Extreme customer experience: there is no alternative.

Extreme customer experience: there is no alternative.

Whether you are an industrial player, a service provider, in the commodity business, a high-tech start-up or an independent contractor, there is only one sustainable approach towards growth. With the quick product development of today & the stream of quick and easy copycats that work at a much lower cost than you are, the only way to retain customers is by offering something that is far more difficult to copy: an awesome experience. Yes, sorry to break the news, but your customers are not buying your product or service because it’s the best in the world, they buy a solution, an experience that brings the most value to them. And value = f(product characteristics, price, easy of doing business, easy of use, fun, how they can talk about it to their peers, the price,…).

But what about Value Proposition?

Off course, there is the model of Customer Value Propositions, where the insight behind is that a company should choose where it want’s to beat the competition. The goal is that you are ‘on par’ on all the 3 axes, but divert all your focus on one specific access to win the game there.

Value Propositions
Source: The Discipline of Market Leaders, Michael Treacy and Fred Wiersema.

With this in mind, you might be inclined to think that focussing on Customer experience is only one option. However, I want to advocate that Customer Experience is not the same as customer Intimacy and that you relentlessly should focus on customer intimacy regardless of your positioning. So yes, you still can be a Product leader, but you will never have the best product when you are not going for extreme customer experience. The reason is simple: the experience is your product seen through the eyes of the customer. Nobody will buy an iPhone if you need to assemble it yourself, put 20 hours in configuring it,… Same goes for operational excellence. Even if you focus on low cost, the way to bring it to customers needs to be extremely good. Of course, the customers experience will be different, but needs to be designed with the Value Proposition in mind. Take a look at the experience Colruyt is given: It’s completely different than that of Delhaize, be they are relentless a creating a unified experience (no locks on the shopping carts, industrial lighting, the walk-in-freezer,…).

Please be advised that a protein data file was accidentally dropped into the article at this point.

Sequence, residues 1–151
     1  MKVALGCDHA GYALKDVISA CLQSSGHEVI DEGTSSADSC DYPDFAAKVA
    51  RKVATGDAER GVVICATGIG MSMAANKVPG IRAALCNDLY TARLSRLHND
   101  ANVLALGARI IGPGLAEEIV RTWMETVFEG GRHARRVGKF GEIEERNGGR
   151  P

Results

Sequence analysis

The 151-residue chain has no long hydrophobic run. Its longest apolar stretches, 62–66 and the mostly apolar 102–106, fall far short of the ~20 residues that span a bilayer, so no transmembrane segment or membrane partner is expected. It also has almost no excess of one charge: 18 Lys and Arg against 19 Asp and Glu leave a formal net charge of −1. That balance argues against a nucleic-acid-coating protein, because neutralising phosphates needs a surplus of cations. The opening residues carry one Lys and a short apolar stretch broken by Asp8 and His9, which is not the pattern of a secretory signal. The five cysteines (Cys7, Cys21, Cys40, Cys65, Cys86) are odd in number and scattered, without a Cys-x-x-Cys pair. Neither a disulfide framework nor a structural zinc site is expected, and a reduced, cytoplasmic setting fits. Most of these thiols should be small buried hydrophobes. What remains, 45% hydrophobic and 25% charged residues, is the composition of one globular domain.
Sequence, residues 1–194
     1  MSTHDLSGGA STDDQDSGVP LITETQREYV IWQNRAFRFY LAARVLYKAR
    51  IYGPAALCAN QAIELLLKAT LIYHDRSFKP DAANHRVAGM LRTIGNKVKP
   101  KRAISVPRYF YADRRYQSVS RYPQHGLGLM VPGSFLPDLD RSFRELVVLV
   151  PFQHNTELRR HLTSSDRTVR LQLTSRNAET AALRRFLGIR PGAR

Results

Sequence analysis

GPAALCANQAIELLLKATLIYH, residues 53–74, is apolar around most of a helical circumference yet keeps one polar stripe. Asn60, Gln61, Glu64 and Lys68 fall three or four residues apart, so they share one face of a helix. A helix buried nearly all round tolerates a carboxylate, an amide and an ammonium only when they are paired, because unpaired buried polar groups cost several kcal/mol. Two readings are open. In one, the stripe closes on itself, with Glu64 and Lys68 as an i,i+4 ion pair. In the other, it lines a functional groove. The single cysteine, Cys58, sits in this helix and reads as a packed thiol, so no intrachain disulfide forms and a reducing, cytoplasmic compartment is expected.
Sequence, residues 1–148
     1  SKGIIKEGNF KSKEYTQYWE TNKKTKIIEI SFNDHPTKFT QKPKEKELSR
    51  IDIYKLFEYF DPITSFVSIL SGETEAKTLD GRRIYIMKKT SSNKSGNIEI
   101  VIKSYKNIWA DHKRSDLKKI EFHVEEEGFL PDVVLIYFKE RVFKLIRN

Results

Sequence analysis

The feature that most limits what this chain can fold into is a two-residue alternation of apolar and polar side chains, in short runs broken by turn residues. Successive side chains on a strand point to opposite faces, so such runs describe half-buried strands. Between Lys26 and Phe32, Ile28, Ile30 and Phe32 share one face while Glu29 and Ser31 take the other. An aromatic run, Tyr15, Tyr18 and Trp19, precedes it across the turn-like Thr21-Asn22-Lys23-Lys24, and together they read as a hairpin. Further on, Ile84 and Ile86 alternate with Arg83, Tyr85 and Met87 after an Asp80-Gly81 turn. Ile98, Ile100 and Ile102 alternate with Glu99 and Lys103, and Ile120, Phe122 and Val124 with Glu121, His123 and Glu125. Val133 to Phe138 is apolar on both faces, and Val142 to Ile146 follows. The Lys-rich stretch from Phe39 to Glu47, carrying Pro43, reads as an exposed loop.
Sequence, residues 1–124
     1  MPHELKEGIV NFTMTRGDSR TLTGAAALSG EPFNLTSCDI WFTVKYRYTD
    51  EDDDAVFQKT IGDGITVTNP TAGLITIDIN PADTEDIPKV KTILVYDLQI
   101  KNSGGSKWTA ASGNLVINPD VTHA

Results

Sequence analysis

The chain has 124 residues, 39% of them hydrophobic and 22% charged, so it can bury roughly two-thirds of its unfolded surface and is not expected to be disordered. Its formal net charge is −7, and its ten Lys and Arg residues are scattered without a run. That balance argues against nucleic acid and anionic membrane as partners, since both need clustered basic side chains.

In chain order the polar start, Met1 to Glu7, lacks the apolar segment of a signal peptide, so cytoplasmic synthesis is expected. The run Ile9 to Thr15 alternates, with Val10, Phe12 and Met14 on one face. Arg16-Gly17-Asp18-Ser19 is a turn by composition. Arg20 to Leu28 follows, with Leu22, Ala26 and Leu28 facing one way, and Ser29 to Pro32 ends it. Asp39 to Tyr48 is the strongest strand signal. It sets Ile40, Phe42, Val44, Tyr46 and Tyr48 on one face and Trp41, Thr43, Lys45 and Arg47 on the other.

So bottom line: don’t let your positioning be an excuse to not go for Extreme customer Experience.

I’m passionate about extreme customer experience. Want to talk about it over a coffee or need some inspiration: let’s talk! A sneak preview of what I can bring to the table.

Creating your organisation around the customers you have or the ones you want?

Why is it that most processes in companies are build to what I would call: ’mitigate the negative behaviour of bad customers’??

Let me explain this one. You all know these scenario’s: Before somebody can become a customer, she has to pass a complicated credit scoring system. This system is build not to help identify the ‘good’ customers, but to weed out the ‘bad’ ones; We set up control mechanisms, so customers can not combine 2 types of promo; You let them sign a 10 page contract; We make huge costs to divert customers to an online portal not because they have 24/7 access, but because it is cheaper than connecting them to a call agent. We have huge disclaimers to avoid complaints, refined dunning processes to get the money back from non-paying customers, triple identification,…

The problem with this is, that the majority of your customers are not trying to screw you. So you end up with a customer experience that is designed to rule out surprises for your company coming from 5% of your customers, but causes huge delays, frustration, waiting periods,… for the 95% of your good customers.

Result: huge loss of money, your good customers don’t feel threaded as they should and your organisation ultimately becomes build around fear and ways to avoid issues instead of creating added value.

What customers do you want to work for every day?